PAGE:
“When I came up, in the ’60s, there was jazz everywhere,” Berry-Walker says. “We could walk from the Pine Grill to the Revilot to the Bon Ton to the Royal Arms any night of the week, and hear it, live.” We pull up in front of the Colored Musicians Club on Broadway, which was first formed in 1917 and incorporated at its current location in 1934. Through the years, the likes of Duke Ellington, Count Basie, Billie Holiday and Max Roach jammed here with local musicians and friends. Berry-Walker remembers it as something of a “second home” where her father would often play in the upstairs club. (There’s still live music here, along with a small museum commemorating such history.)
She turns her minivan onto Dodge Street, where she grew up. “There was once a continuity and a closeness to everything for my community,” she says, as we cross the overpass for the Kensington Expressway, which, like other highways in Black communities, ripped the heart out of the neighborhood. On the other side of that expressway, not far from the stretch of Fillmore Avenue dubbed “Pappy Martin Way” by the city council in 2016, is the Buffalo Museum of Science. Here, on the museum’s front plaza, in 1996, Pappy Martin first mounted the Masten Jazz Festival, named for its city-government district. He presented live jazz, free for all attendees, each Sunday in August. That first year, some hundred or so people attended.
These days, the Pappy Martin Legacy Jazz Festival is held the last two Sundays of August in a large and lovely expanse behind the museum. It’s at the northwestern end of Martin Luther King, Jr. Park, designed by Frederick Olmsted and which, before the expressway broke it into discontinuous sections, connected to a series of green spaces that allowed residents to walk freely from one neighborhood to another. This past summer, Berry-Walker says, more than 1,000 people showed up each Sunday. They heard national stars, local favorites and student musicians from the organization’s Love Supreme School of Music, which is named for the 1965 John Coltrane album that, as Pappy Martin once explained to his daughter, was important for both its sonic beauty and its spiritual intent.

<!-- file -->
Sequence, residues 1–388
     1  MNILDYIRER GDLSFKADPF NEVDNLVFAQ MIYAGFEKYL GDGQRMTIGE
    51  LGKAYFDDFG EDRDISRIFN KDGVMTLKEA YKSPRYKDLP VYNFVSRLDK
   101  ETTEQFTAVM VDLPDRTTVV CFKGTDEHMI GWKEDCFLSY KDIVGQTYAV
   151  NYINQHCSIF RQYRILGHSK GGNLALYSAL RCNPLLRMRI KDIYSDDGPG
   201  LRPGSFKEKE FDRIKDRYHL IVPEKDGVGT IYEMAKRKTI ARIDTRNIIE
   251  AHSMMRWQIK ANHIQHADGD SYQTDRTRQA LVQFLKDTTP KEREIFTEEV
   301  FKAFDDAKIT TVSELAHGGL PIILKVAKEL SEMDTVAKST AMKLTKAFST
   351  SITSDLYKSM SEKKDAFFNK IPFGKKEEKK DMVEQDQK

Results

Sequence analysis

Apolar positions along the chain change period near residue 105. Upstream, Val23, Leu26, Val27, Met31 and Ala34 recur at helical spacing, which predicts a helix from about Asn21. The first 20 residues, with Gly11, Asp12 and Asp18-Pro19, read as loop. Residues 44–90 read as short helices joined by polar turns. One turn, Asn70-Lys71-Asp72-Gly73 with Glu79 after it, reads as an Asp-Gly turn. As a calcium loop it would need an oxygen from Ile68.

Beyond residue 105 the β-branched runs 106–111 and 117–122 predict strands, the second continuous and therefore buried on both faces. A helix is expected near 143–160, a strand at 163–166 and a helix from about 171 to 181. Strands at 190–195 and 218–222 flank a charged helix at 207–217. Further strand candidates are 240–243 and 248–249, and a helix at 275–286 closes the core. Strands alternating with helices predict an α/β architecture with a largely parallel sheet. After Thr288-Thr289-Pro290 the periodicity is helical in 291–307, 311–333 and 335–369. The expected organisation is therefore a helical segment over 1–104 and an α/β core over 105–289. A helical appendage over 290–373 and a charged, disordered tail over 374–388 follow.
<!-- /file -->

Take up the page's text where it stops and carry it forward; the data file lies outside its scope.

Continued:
At this year’s festival, some attendees sat up front beneath the shade of large trees, listening with rapt attention while others visited stalls operated by local food and craft vendors. The music resonated far enough to be heard by the teenagers playing basketball on nearby courts and the small children wading in the park’s splash pool.
“As I’ve developed this organization since my father’s passing, I’ve been approached from time to time to move this festival to a downtown site, where it might attract more tourists and more funding,” Berry-Walker says. “But it was my father’s mission to remain in the community, and that is now my mission too, to give this neighborhood free and easy access to this music, and to keep it as their own.” Bassist Curtis Lundy has played at each year’s festival for the past eight years and now serves as the Collective’s international music director. “I play lots of well-attended events,” he told me over the phone from his New Jersey home. “But this one feels like a real neighborhood thing. I look out and see a community that looks like me, like my community. That’s refreshing and inspiring, and it made me want to keep coming back.” Lundy first met Pappy Martin in the 1980s, when he came to Buffalo to play the Trafalmador Cafe. “Maybe we hit it off because we’re both bassists, but I also knew from the start this guy had a spark.”
In one sense, the Pappy Martin Legacy-Masten Jazz Festival extends the spirit of its namsake, James Herbert Martin, who died in 2015 at 82, was born in Asheville, N.C. His family moved to Niagara Falls when he was a toddler, and he remained in Upstate New York the rest of his life. As a young child, his serious demeanor earned him the nickname “Pappy,” and it stuck. He also displayed musical talent early on, first on trumpet and then playing double bass. Coming up as a musician at a time when national stars toured regularly through Upstate clubs, Martin worked with the likes of singers Betty Carter and Aretha Franklin, and with instrumentalists including pianist Billy Taylor and saxophonist Johnny Griffin.